It’s been almost a year since controversial B.C. environmentalist Tzeporah Berman caused an uproar ahead of the 2009 provincial election by criticizing the NDP for its opposition to the carbon tax.
Now Berman is hitting back at critics who have launched a Web site, Save Greenpeace, aimed at gathering signatures on a petition demanding that Greenpeace International rescind its recent hiring of her.
Berman will start her new job as codirector of Greenpeace’s global climate and energy campaign on April 1 and now plans to move to Europe.
“I really don’t have much time for people who spend more time in a circular firing squad than in fighting fossil fuels,” Berman, executive director of PowerUP Canada, told the Straight from her home on Cortes Island. “That is what this is. The fossil fuel industry must love this. This isn’t a debate. It’s a classic circular firing squad, and all it does is reduce our effectiveness and waste our time.”
As of today (March 17), 118 people had signed the on-line petition. The petition states, “We call on Greenpeace to live up to the spirit of 39 years of dedicated action and renounce collaboration and partnership with destructive corporations.”
The site also criticizes Berman’s support of Premier Gordon Campbell, her support for private run-of-river hydropower generation, and her collaboration with “resource extraction corporations”.
Edmonton-based activist Macdonald Stainsby told the Straight he was one of “several” individuals who cofounded the Save Greenpeace site.
Montréal-based cofounder Dru Oja Jay said in a phone interview that he is familiar with what he calls “the Great Bear Rainforest sellout”.
The Straight asked Jay whether he thought Berman is damaged goods in B.C.
“It would seem so, yes,” Jay said. “If you give Gordon Campbell an award during Copenhagen, I would hope that you are damaged goods. But I haven’t seen any polling on it. The issue is democracy. There is no democratic accountability in environmental groups. In the past this has served Greenpeace well, in the sense that they had a strong pro-environment mandate. But now the lack of accountability is starting to really show its weaknesses. The executive is going in a direction of corporate collaboration which is exactly the wrong way that we need Greenpeace to go if we are going to stop runaway climate change.”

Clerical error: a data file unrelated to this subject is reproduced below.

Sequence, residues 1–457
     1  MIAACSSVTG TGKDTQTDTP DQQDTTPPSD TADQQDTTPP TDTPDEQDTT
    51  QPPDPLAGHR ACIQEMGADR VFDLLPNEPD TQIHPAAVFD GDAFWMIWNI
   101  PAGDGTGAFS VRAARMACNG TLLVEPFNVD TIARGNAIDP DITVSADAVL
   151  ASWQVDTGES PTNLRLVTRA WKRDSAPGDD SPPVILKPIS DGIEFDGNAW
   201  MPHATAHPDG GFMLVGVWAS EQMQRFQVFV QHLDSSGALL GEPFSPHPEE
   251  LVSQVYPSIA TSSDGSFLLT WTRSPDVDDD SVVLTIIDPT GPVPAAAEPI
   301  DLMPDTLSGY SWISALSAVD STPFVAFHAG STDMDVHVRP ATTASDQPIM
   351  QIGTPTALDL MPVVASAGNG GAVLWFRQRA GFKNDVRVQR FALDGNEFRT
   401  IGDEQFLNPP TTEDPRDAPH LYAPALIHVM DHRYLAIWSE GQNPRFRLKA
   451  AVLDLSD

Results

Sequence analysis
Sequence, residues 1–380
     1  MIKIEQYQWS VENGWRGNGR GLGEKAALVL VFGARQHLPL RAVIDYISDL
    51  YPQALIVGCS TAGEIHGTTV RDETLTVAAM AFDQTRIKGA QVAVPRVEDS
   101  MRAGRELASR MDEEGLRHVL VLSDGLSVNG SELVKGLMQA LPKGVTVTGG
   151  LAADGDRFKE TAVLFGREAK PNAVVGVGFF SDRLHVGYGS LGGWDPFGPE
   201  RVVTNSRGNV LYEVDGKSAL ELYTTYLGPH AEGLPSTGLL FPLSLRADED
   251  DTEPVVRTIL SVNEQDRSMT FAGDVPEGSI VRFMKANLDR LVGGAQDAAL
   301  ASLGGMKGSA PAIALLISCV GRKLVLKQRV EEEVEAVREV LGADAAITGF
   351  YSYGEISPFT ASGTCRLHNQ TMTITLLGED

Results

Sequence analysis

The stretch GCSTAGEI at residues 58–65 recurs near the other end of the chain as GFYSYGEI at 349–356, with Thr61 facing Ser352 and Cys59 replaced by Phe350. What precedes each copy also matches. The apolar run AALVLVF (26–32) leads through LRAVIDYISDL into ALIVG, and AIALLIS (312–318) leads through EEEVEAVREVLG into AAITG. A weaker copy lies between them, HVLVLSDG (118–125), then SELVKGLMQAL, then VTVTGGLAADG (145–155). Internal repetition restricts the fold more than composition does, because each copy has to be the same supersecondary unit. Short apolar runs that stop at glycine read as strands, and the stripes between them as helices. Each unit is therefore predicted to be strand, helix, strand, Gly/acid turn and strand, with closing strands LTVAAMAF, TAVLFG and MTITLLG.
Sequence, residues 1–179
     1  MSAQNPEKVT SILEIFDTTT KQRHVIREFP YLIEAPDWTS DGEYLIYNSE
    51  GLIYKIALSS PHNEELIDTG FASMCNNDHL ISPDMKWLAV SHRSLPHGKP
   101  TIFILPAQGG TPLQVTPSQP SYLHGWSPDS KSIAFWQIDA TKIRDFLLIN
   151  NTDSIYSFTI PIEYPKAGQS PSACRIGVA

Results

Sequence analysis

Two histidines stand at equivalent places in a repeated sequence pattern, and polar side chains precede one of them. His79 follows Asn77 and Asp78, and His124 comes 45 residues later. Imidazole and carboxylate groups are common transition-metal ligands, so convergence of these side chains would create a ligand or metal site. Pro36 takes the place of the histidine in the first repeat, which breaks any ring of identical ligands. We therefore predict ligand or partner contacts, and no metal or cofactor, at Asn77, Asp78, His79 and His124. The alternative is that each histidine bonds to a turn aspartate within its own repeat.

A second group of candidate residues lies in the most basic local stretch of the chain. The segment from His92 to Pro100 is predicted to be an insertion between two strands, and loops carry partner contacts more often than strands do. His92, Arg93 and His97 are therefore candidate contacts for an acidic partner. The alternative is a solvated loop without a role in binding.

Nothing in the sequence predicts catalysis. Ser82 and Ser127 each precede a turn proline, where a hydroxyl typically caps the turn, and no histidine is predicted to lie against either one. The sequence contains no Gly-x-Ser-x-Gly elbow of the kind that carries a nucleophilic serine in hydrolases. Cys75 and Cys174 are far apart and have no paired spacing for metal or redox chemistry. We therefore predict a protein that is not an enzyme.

Jay added that Greenpeace’s move could have ramifications in Alberta, where tar sands operations are at a critical crossroads and already contribute huge amounts of greenhouse gases.
“What we are afraid that they are going to do, and what every indication says they are going to do, is undertake a large-scale market and direct-action type campaign and then that is going to feed in to some type of closed-door negotiation with oil companies in terms of the tar sands,” Jay said. “In our minds that would be catastrophic, because the climate isn’t something that you can just shave a little bit off of and call it progress. What they are going to do is take all of the momentum that’s going to be built up by grassroots groups and people who are legitimately worried about the tar sands and they are going to funnel it into something that falls short of what’s needed and that is to shut down the tar sands.”
Ivan Doumenc, a 2008 Vancouver park board candidate with the Work Less Party, has signed the petition.
“I’ve been so mad generally over what Tzeporah has been doing that it’s hard to focus on the exact root cause of what’s making it so difficult [to express in words],” Doumenc told the Straight.
“For me, fundamentally, it’s the discrepancy between what she claims to stand for, and what she actually does in effect, which is serve as a front for a privatization scheme that has nothing to do with the environment or the public interest, but has a lot to do with the wealth of transnational corporations,” Doumenc said. “Now, if you’re from the private power industry or the B.C. Liberals, fair game, fair game. That’s what you are in the business of doing. But when you are an environmentalist with a track record, with a reputation, this basically makes me go ballistic.”
Doumenc added: “The other thing that makes me mad is, she is using all that credibility that she has built with the public to do what? To stab us in the back and to essentially go in the opposite direction of what she is standing for, and support privatization of the commons. It’s absurd. To know that, now she’s done the damage in B.C., she’s leaving and going and working for Greenpeace somewhere—forget it, you know? We’ve got to stop that.”
Berman dismissed these sentiments.
“One of the reasons that I am joining Greenpeace is because it is such an effective organization around the world in protesting dirty oil and coal,” Berman said. “I think that we need more protest in the future and not less. They are creating this polemic out there, this concern that Greenpeace has hired someone that doesn’t believe in what Greenpeace does, and that is not true.”
Berman added that, from her perspective, 118 signatures “pales in comparison to the amazing amount of e-mails and calls” that she and Greenpeace have received in support of her move.